- Increases costs due to additional backfilling and compaction time, replacement
- Danger of collapse
- Extremely time consuming
- Labor intensive
- Limited reuse of materials
- Fluctuating timber prices
- Men may have to get into trench before secure
- Time consuming
- Labor and machine intensive
- High material cost
- Most expensive shoring method per sq. ft.
Shielding (Trench Boxes)
- Pulled along through trench for increased productivity
- Stackable for deep cuts
- Many sizes available for various applications
- Heavy duty steel construction
Shoring (Aluminum Hydraulics)
- Extremely fast, efficient method
- Excellent tool in stable soils
- Few shores can accommodate many applications
- Extensions can be field installed to increase sizes
Let TrenchTech Help You Prevent Cost Over Runs on Utility Jobs.
Items having high potential for cost over runs are:
- Excessive excavation due to trench sloping
- Trucking excavated material from the job site
- Importing specified trench backfill material
- Excessive crew "down time" due to waiting for bedding stone or repair of damaged existing utility
- Roadway and lawn restoration
- Pipe testing and leak repair
- Documenting sewer and lead locations
Excessive Excavation Cuts into Profits
Unnecessary excavation due to sloping results in:
- Higher trucking costs for removing excavated material
- Higher cost of importing backfill
- Higher street and lawn restoration
- More excavator cycles per cut
- Higher crew costs due to increased time of waiting for excavator to cut sloped trench
- Lower pipe production
- Possible liquidated damages due to inefficiency
The High Cost of RestorationStreet and lawn restoration costs for projects in cities and subdivisions can be higher than the cost of laying the pipe. The proper use of trench shields eliminates unnecessary excavation, reducing the damage to streets, lawns, sidewalks, and existing utilities.
Shoring Size Guide
How to Size Trench ShoringThe following information is useful for determining the proper trench shielding for your projects.
How to determine the depth of cut:
- Slope must start 18" or 1.5' below the top of the shield.
How to determine the width of a trench shield:
- Trench shield width is determined by O.D. of the pipe or the O.D. of the excavator bucket.
- Allow 6" of clearance on each side of pipe bell.
- Shield should be a minimum of 12" wider than the excavator bucket O.D.
How to determine the length of a trench shield:
- Inside length clearance of pipe is approximately 2' less than the overall length of the shield.
- Shield must be 2' to 4' longer than the pipe.
How to determine the machine lift capacity:
- 1.5 times the shield weight at 20' radius at grade.
Calculating Depth Ratings
- PSF ratings and depths are based on short-term exposure with excavation open for 24 hours or less.
Lateral pressure per foot of depth:
- 1200 / 25 = 48 ft.
- 1200 / 45 = 27 ft.
- 1200 / 60 = 20 ft.
- Apparent cohesion
- Cemented soil
- Layered soil
- Saturated soil
- Submerged soil
No soil is Type A if:
- It is fissured
- It is subject to vibration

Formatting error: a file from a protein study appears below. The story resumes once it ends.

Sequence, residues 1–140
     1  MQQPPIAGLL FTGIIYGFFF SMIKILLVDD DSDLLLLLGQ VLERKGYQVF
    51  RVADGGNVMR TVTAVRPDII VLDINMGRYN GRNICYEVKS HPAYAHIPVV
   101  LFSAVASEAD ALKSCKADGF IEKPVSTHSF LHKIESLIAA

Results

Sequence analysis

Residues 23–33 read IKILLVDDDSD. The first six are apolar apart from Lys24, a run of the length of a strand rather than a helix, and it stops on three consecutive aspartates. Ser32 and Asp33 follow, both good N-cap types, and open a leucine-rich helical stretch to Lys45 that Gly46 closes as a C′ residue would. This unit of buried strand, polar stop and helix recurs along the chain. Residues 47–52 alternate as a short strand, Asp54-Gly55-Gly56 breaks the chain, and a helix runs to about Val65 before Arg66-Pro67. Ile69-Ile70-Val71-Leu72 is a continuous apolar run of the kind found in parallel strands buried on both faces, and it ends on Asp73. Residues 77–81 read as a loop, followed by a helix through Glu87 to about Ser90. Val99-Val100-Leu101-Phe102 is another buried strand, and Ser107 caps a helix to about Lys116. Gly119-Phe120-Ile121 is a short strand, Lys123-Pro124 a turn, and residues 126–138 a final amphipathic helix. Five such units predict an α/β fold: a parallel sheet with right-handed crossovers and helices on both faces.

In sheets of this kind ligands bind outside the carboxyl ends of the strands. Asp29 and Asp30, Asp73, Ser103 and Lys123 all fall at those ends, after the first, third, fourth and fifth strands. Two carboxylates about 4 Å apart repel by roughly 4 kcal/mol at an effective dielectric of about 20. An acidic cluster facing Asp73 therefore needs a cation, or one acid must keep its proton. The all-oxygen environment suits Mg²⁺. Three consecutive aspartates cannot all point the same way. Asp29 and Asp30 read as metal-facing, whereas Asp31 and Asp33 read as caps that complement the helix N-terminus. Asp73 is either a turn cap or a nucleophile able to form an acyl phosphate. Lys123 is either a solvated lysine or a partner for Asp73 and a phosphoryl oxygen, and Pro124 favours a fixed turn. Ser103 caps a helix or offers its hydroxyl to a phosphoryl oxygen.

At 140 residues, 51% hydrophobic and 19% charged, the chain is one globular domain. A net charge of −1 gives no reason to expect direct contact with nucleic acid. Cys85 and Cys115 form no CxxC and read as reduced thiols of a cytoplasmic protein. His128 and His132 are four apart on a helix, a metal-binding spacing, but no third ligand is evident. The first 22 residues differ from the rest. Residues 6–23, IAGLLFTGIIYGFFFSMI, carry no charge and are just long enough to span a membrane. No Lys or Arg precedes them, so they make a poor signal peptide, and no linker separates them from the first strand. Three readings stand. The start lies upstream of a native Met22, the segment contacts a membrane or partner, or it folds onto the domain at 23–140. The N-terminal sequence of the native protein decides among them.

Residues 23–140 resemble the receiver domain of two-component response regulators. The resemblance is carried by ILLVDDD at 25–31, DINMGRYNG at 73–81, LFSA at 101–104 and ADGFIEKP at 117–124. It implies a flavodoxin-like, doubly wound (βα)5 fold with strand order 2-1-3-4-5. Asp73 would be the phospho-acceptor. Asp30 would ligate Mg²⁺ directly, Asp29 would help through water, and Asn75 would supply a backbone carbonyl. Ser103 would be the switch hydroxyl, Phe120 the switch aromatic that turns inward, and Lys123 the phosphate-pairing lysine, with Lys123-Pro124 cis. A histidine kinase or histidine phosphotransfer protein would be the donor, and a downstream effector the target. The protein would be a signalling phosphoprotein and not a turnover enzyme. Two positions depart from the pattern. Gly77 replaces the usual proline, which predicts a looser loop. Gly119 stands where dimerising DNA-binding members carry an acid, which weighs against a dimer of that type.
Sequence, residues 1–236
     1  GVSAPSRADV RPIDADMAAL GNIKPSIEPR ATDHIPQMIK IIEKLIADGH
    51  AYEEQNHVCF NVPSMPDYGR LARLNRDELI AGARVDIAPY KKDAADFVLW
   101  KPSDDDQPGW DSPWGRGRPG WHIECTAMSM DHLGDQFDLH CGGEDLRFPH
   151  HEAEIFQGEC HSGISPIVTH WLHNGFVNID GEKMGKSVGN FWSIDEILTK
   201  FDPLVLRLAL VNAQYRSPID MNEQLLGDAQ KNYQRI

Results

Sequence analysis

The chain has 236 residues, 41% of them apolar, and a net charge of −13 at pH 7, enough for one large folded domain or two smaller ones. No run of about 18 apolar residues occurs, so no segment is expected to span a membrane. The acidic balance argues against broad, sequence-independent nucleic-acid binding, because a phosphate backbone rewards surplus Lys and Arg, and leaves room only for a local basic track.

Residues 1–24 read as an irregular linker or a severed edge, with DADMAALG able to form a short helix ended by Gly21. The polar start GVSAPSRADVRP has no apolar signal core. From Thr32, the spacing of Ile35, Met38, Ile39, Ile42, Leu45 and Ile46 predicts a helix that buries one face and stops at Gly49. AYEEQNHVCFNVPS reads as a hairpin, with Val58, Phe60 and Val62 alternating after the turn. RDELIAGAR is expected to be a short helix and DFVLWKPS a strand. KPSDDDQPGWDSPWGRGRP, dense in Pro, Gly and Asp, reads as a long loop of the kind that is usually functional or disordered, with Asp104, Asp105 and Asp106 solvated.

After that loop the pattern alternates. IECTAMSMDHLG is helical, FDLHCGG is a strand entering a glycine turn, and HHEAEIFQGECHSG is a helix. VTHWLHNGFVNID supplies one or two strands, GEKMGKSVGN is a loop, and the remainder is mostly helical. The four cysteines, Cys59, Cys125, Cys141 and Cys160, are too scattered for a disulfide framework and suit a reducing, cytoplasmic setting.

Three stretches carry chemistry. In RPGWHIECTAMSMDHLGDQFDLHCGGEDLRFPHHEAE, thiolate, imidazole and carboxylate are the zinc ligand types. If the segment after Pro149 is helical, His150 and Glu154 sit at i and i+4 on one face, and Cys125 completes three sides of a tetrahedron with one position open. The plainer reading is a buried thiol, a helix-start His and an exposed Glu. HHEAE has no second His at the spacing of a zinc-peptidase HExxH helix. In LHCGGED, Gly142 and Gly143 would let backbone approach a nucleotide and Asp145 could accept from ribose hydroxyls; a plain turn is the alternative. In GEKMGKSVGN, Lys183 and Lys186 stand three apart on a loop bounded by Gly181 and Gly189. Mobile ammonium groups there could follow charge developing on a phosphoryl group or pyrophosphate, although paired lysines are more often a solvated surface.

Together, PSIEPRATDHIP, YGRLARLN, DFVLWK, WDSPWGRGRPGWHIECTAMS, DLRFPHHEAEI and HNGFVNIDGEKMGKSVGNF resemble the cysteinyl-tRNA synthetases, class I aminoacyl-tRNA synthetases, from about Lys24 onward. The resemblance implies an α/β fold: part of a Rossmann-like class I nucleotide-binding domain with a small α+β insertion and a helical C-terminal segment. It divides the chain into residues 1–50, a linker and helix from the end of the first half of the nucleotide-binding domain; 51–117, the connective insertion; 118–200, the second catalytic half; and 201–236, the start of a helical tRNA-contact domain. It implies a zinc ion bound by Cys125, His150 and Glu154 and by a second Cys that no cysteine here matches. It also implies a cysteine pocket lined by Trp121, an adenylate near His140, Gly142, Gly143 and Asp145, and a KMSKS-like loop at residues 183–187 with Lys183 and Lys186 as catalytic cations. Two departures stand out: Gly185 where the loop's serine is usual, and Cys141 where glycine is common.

- It has been previously disturbed
- It is part of a sloped, layered system which dips into the excavation on a slope of 4 horizontal to 1 vertical [4H:1V] or greater
- It is subject to other factors requiring classification as less stable.
Type B Soil:
- Cohesive soil with unconfined compressive strength greater than .5 tsf but less than 1.5 tsf
- Granular cohesionless soils, e.g., gravel, silt, silt loam, sandy loam
- Type A fissured or subject to vibration
- Unstable dry rock
- It is part of a sloped, layered system which dips into the excavation on a slope less steep than [4H:1V], but only if the material would otherwise be classified as type B
Type C Soil:
- Cohesive soils with unconfined compressive strength of 0.5 tsf or less
- Granular soils including gravel, sand, and loamy sand
- Submerged soil or soil from which water is freely seeping
- Submerged rock that is not stable
- It is part of a sloped, layered system which slopes into an excavation at an angle of 4H:1V or steeper
Pre-Excavation ChecklistExposure to Falling Loads:
- Are employees prohibited from standing underneath loads handled by lifting or digging equipment?
- Are employees protected from falling rock, soil, or equipment by placing these materials a minimum of 2 ft. from the edge of the excavation or behind a retaining device?
- Are standard guardrails provided on walkways and bridges that cross over 6 ft. and wider excavations?
Are all excavations that are accessible to the public adequately barricaded or covered when unattended?
- Are daily inspections of excavations being preformed by a competent person?
Are inspections being performed by a competent person after every rainstorm or other hazard-increasing occurrence?
- Are employees removed from the excavation if a competent person finds evidence of a situation that could result in a possible cave-in, protective system failure, hazardous atmosphere, or other hazardous conditions?
- Have all shielding, shoring, or other protective systems been designed by a registered professional engineer and accompanied by tabulated data from the manufacturer?
- Are shielding, shoring, and other protective systems checked each day to detect movement and possible failure?